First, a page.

Contact: christian.vergara@polimi.it

**Macroscopic quantum systems & Measuring apparatuses**

Caterina Foti, Università degli Studi di Firenze

martedì 13 febbraio 2018 alle ore 14:30 precise, Aula Seminari III pianoABSTRACTThe emergence of classicality is the mechanism that makes us to observe a classical reality despite the fundamental laws of physics being quantum.

Apart from the neverending diatribe between different interpretations of Quantum Mechanics, what can be considered more or less accepted is that we experience a classical reality due to the continuos interaction between each microscopic component of any physical system and its environment, that can be regarded as the measuring apparatus and must be macroscopic since it contains us as observers. Among the various approaches proposed over the years by different authors to deal with the “quantum-to-classical” crossover, a useful tool is provided by the general method introduced by L. G. Yaffe in 1982 for finding the classical limits as large-N limits of arbitrary quantum theories with N dynamical variables. Such method isolates the minimal structure that any quantum theory should possess in order to have a classical limit. By using Yaffe’s results in the framework of open quantum systems dynamics, one can show that whenever quantum environments have a sensible large-N limit, they evolve as if they were the same measuring apparatus in the classical limit.**Regularization Theory and Applications to Photoacoustic Imaging**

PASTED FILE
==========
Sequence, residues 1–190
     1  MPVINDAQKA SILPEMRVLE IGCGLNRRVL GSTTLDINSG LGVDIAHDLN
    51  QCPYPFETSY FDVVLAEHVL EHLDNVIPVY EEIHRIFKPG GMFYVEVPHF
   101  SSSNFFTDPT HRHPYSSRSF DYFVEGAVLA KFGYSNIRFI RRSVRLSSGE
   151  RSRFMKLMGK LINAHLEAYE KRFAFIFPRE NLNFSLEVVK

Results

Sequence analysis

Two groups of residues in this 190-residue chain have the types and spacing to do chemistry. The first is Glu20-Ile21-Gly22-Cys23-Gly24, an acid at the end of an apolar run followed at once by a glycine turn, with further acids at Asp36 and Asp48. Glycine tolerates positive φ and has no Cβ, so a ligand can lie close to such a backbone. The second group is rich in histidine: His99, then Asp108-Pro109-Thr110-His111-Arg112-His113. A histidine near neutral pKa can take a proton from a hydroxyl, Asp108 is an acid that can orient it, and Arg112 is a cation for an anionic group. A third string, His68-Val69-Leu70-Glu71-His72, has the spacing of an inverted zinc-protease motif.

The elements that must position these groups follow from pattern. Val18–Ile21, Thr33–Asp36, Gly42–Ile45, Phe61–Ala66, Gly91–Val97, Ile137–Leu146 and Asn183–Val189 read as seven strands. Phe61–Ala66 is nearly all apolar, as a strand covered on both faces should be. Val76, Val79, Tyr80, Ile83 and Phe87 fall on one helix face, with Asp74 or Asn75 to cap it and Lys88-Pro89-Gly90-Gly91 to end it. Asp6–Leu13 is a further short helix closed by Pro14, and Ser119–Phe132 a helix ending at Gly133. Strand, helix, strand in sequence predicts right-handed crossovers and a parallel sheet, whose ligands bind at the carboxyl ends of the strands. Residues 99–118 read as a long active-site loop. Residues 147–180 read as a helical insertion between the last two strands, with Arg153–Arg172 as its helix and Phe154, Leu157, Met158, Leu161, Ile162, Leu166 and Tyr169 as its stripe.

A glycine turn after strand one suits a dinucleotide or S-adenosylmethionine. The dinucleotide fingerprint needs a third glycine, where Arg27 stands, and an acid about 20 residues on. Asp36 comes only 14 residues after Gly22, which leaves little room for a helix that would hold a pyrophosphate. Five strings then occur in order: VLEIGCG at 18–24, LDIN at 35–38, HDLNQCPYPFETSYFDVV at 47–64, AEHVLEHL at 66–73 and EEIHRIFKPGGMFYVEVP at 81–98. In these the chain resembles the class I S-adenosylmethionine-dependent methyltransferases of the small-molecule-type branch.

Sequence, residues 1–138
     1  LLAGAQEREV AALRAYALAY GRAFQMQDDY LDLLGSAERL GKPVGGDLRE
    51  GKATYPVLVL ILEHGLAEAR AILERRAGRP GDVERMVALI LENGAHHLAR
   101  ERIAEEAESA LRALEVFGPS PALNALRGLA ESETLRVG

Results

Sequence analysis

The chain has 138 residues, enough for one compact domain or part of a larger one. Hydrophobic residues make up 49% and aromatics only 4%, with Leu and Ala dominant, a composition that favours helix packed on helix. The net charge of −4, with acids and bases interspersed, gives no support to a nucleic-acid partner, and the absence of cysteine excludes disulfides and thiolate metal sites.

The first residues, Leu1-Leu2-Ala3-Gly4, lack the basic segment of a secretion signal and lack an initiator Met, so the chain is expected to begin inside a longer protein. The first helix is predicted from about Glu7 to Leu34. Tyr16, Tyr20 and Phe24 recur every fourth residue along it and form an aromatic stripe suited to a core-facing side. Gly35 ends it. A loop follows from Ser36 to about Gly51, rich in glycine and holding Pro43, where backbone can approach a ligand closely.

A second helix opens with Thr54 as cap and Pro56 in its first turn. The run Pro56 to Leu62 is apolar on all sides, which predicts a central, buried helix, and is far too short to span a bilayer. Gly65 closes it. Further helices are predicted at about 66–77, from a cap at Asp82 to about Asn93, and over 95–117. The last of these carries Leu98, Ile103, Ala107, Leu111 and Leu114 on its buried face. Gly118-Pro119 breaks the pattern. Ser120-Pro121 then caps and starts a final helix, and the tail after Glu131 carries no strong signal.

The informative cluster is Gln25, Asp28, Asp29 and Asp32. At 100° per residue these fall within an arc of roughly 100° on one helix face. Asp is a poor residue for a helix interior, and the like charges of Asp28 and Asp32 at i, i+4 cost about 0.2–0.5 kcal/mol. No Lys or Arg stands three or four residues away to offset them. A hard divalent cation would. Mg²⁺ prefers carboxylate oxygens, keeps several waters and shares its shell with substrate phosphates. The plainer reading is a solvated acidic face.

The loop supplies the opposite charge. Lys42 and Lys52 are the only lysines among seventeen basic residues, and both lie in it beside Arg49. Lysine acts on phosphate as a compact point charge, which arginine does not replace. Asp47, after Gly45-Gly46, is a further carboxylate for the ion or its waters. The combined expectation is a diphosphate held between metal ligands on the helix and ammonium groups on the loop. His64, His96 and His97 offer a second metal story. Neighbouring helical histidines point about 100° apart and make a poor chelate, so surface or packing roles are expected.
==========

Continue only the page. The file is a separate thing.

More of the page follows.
Otmar Scherzer, University of Vienna and Radon Institute of Computational and Applied Mathematics (Linz), Austria